After seeing profits surge in 2006, China's top three oil and gas suppliers
are planning to increase production to meet mounting domestic demand.
"I can assure you that the huge profit we collected last year and in the
years before will be reinvested in exploration and production, to pump enough
oil and gas for local consumption," Jiang Jiemin, vice-chairman and president of
China National Petroleum Corp (CNPC)'s listed arm PetroChina said on Friday.
"We will not spend the money elsewhere. In fact, we plan to inject around 250
billion more yuan into oil and gas production and refining this year."
CNPC is China's largest oil and gas producer, with sales hitting 800 billion
yuan last year.
Thanks to the surging global oil price and measures to trim costs, China's
leading oil producers' upstream business boasted high profits in 2006.
PetroChina's profit for 2006 reached 185 billion yuan, with offshore oil company
CNOOC's net income being 32.8 billion yuan, according to the heads of the two
Wang Tianpu, president of Sinopec Group's overseas-listed unit Sinopec, did
not release last year's profit, only revealing that the firm's industrial output
hit 100 billion yuan in 2006.
PetroChina's crude oil output amounted to 106.6 million tons last year. With
more investment for this year, Jiang is confident to more than meet local
On gas supply, Jiang is also upbeat about bringing more natural gas from
Russia, saying the price is the only obstacle to a final agreement. The
PetroChina head's target is to import 68 billion cubic meters (bcm) of gas from
Russia every year.
"Negotiations are still going on with two pipelines East and West on the
agenda. I am confident positive results will arise from the negotiation," said
Media reports implied last year that CNPC was close to sealing a deal with
Moscow-based Gazprom to build two pipelines to transport up to 68 bcm gas from
Russia to China annually. The western line, from Russia's West Siberia to
China's Xinjiang Uygur Autonomous Region would reportedly connect with China's
West-East Gas Pipeline.
The West-East Gas Pipeline, put into commercial operation at the end of 2004,
pipes natural gas from resource-rich western China to the energy-thirsty east.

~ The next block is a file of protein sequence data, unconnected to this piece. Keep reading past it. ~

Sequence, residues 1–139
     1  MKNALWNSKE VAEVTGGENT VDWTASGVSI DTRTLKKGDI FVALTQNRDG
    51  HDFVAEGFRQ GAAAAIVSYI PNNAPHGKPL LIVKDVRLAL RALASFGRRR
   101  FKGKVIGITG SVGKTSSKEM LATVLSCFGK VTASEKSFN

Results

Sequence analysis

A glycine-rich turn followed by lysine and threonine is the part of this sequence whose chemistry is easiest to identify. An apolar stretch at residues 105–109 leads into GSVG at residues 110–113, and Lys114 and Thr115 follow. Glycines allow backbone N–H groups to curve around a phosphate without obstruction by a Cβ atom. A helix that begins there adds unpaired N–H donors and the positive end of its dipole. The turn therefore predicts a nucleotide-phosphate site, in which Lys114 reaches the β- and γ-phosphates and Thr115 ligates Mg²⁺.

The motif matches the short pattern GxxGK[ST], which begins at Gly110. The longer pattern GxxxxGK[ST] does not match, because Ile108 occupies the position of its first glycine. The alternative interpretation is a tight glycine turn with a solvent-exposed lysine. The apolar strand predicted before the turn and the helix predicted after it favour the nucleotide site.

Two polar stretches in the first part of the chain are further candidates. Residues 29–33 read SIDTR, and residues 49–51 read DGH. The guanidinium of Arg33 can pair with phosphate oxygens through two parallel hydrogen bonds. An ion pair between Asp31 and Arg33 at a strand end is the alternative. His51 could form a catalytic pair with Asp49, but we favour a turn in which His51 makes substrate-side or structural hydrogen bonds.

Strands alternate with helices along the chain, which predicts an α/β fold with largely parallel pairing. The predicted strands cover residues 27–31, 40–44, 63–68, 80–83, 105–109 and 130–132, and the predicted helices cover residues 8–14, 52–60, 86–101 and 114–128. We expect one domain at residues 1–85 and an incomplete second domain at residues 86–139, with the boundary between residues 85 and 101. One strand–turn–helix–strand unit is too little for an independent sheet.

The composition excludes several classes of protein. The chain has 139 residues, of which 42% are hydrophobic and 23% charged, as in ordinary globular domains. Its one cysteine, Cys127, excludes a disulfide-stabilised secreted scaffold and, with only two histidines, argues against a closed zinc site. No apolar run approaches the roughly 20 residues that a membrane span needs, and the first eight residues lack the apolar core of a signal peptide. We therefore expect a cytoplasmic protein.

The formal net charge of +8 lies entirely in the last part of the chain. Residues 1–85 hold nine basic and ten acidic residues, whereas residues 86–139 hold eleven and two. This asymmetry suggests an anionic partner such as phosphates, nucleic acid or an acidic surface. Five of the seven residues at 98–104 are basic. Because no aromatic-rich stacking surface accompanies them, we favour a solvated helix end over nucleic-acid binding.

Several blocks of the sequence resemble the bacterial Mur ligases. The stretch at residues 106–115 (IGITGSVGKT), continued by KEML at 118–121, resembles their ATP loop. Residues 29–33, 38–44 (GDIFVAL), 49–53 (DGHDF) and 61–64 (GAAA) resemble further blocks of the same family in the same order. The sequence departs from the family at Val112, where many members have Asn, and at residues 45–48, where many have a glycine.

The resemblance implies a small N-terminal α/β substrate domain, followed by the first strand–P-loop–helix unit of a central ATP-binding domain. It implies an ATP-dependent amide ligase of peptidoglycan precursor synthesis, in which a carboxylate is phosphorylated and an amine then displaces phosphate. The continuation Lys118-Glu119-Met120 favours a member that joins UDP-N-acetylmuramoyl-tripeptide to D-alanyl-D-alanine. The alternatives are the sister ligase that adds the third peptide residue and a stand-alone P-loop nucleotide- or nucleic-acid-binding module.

With ambitious production plans, CNPC has expressed its desire to list in the
mainland stock market. "As Asia's most profitable listed company, we hope to
list on the A-shares market. The move is also in line with our interests in the
long run, since the bulk of our business is in China and we need local support,"
Sinopec, Asia's largest refiner, also expects to extract more oil and gas
next year by increasing investment in upstream operations.
The move is designed to meet rising domestic energy demand and to cover
losses from oil refining.
The efforts to strengthen its upstream operations also involve overseas
exploration and production projects, and breakthroughs are expected in overseas
markets, Chen Tonghai, chairman of Sinopec Group, was quoted by Shanghai
Securities News saying on Thursday.
"Our overseas exploration operations are expected to produce, first of all,
more resources and secondly, high profits.
"The Middle East, South America, Africa and Central Asia are our priorities
overseas," Sinopec President Wang said.
He said collaboration is needed between the three energy giants, CNPC,
Sinopec Group and CNOOC, to explore more overseas oil and gas markets.
Sinopec Group said on its website it would produce 1.9 percent more crude oil
and 11 percent more gas this year to meet the rising energy demand.
CNOOC's Iranian talks
China National Offshore Oil Corp, known as CNOOC, confirmed on Friday that it
was in intense negotiations with its Iranian counterpart, hoping to tap a
gigantic gas field in Iran.
CNOOC Chairman Fu Chengyu refused to elaborate on the potential deal, only
releasing exclusively to China Daily that most details reported so far, such as
investment figures, are incorrect.
According to Iran Daily, the National Iranian Oil Company and CNOOC penned a
memorandum of understanding on the exploration and liquefaction of the North
Pars gas field late last year.
As China's top offshore oil and gas producer, CNOOC hopes to ship up to 25
million tons of liquefied natural gas (LNG) to China annually by 2010.
Fu said he was optimistic about the goal thanks to the company's local and
overseas exploration efforts. "We believe our accumulated efforts will
eventually pay off," he said.
China is committed to raising the ratio of natural gas in its total energy
consumption from the current 3 to 5 percent to between 8 and 10 percent by 2010.
CNOOC plans to build as many as seven LNG-importing terminals in six
provinces and municipalities. By the end of October 2006, two of them had
obtained government approval.